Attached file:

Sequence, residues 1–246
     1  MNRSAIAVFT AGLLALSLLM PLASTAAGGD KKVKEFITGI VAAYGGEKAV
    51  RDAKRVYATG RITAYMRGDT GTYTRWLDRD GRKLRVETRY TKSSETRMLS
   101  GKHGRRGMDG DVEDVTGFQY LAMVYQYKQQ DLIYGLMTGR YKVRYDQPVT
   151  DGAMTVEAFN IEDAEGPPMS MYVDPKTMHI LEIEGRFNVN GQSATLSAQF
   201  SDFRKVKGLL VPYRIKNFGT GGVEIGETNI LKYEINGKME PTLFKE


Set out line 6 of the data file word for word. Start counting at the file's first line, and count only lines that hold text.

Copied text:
   201  SDFRKVKGLL VPYRIKNFGT GGVEIGETNI LKYEINGKME PTLFKE